You may want to do this more often than annually. Though the old gas works fine in the car when mixed with a bunch more new fuel, the generator might not be so happy with 100% old fuel.
Perhaps. The Stabil manufacturer quotes 'up to 24 months', and I've never had a problem when using it out to 18 months or so, i.e. I get first pull starts.
Storing gasoline in quantities needed (or potentially needed) is also a safety issue. In addition, how would you know how long the generator would be needed?
One advantage of using a small generator is that you need less fuel. We only run the fridge and furnace (plus incidentals like charging the neighbor's cell phones
), and only run those a few hours a day. We're used to camping, including winter camping; I don't need the furnace to stay comfortable, but to keep the pipes from freezing. I'm not really sure what our usage is, but I'd guess 1 to 2 quarts of gas a day. That means a 5 gallon can lasts 10 days plus. This is with one of the inverter generators - a Honda EU2000. They are much more economical (to run, as opposed to buy
) than conventional generators. Years ago someone gave us a Briggs&Stratton powered 4000W generator of the type you see at construction sites. We used it only once. For the same load it consumed a few gallons a day, was heavy, and was noisy enough to rattle your fillings.
We actually have an electric mower now, but for years we had a gas can around for the mower/chainsaw/weedwacker/etc anyway, so the additional hazard seems fairly small.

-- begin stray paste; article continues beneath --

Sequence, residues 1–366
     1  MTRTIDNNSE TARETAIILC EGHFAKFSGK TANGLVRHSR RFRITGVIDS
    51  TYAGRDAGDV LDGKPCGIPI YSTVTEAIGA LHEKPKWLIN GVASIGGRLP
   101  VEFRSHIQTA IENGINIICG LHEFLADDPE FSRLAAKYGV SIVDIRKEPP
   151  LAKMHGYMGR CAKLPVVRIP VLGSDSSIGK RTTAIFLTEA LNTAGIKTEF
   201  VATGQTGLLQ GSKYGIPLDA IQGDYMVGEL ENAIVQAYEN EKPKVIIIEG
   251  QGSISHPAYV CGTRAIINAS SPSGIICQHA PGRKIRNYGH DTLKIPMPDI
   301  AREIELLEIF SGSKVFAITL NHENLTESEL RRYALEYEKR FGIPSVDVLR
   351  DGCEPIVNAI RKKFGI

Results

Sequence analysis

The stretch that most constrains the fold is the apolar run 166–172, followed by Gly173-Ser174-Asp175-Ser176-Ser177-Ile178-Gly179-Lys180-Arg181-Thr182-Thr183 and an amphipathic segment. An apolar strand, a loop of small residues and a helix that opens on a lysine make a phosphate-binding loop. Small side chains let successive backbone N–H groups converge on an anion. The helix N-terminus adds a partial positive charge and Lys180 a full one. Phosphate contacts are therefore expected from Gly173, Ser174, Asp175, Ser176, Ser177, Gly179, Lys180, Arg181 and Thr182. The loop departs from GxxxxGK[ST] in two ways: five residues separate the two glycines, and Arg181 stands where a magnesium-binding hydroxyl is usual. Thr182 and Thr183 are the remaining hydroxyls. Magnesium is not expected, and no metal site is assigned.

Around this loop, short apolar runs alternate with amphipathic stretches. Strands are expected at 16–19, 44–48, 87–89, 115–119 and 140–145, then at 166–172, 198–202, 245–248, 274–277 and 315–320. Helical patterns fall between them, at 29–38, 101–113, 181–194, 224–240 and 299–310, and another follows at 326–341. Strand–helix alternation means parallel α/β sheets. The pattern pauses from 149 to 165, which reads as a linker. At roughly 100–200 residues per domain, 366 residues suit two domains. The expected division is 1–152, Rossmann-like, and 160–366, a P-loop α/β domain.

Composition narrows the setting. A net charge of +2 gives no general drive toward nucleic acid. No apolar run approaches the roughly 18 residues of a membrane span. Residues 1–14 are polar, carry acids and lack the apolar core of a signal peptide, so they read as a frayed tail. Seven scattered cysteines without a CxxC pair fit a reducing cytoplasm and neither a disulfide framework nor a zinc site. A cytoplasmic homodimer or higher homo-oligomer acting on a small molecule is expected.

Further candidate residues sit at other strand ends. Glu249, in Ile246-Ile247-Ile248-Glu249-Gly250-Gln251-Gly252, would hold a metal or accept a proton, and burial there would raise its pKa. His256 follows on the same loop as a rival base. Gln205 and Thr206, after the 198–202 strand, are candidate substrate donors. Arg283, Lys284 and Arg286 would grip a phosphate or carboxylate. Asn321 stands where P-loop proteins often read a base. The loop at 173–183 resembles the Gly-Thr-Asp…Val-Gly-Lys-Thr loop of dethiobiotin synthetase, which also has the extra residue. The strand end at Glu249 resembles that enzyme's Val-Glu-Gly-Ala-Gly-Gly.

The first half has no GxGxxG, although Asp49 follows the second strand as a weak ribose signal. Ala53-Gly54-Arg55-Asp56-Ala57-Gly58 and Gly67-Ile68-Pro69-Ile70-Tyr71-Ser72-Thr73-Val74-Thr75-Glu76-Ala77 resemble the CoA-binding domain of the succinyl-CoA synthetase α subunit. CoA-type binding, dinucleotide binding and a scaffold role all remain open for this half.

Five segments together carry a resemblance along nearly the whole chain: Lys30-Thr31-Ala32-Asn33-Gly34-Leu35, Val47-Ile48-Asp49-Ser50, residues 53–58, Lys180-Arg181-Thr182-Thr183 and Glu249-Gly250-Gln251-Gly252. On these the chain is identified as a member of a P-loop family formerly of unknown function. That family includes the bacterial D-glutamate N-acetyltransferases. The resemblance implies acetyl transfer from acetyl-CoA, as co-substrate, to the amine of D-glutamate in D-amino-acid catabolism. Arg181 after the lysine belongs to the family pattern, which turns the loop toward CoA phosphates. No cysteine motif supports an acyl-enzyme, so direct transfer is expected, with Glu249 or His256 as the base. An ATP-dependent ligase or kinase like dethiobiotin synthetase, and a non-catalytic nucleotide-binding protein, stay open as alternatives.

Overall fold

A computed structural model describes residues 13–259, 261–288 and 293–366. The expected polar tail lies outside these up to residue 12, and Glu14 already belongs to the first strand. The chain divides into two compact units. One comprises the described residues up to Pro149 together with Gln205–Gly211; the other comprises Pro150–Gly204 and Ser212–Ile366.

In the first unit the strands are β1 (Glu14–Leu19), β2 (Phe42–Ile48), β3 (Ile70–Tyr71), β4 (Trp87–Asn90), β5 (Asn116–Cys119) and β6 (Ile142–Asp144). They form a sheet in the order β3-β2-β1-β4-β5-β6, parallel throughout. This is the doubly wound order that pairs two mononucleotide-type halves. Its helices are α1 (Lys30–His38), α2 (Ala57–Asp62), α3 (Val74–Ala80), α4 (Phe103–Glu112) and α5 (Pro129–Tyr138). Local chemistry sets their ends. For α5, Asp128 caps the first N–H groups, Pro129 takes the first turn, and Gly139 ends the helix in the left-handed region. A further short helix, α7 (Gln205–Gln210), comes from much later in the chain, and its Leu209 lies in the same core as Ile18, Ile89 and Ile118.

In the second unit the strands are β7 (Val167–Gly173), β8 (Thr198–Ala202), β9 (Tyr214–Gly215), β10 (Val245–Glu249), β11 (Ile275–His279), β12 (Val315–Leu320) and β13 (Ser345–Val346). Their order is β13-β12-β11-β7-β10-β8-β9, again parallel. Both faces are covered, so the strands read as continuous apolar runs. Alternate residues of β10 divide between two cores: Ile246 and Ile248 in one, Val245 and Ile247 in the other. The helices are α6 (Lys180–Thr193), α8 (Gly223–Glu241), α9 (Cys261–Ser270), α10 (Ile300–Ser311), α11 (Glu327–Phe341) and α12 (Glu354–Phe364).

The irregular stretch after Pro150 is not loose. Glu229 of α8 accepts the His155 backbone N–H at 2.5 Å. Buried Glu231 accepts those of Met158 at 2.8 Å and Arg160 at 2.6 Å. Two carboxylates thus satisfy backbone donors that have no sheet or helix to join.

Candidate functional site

There is no way to know how long the generator will be needed. I suspect the distribution of outage times has a high point at 3 days or so, and a tail that stretches to infinity (if you allow for the worst case Carrington Event scenarios - gaaaak). I don't really worry about that. I have enough gas to keep the house pipes from freezing for a week or two. After that I can drain the cars, find a gas station, whatever, for another few weeks. If we've gone a couple of months without power, then I won't feel bad about draining the pipes, because the city water won't be flowing anyway, or the natural gas for the furnace, and frozen pipes will be waaaaay down the list of pressing problems
But the generator (and a propane campstove) sure makes riding out a week long outage nicer. We have spaghetti feeds for the freezing neighbors, charge lots of batteries, the house is 50 degrees or above, we can use the fridge sparingly, etc. It's a week long party!
(At the risk of stating the obvious, this fits our situation. Dinky intermittent use generators aren't so great if your outages come in hot summers and you need AC, or you have an O2 concentrator that has to run 24 hours or what have you.)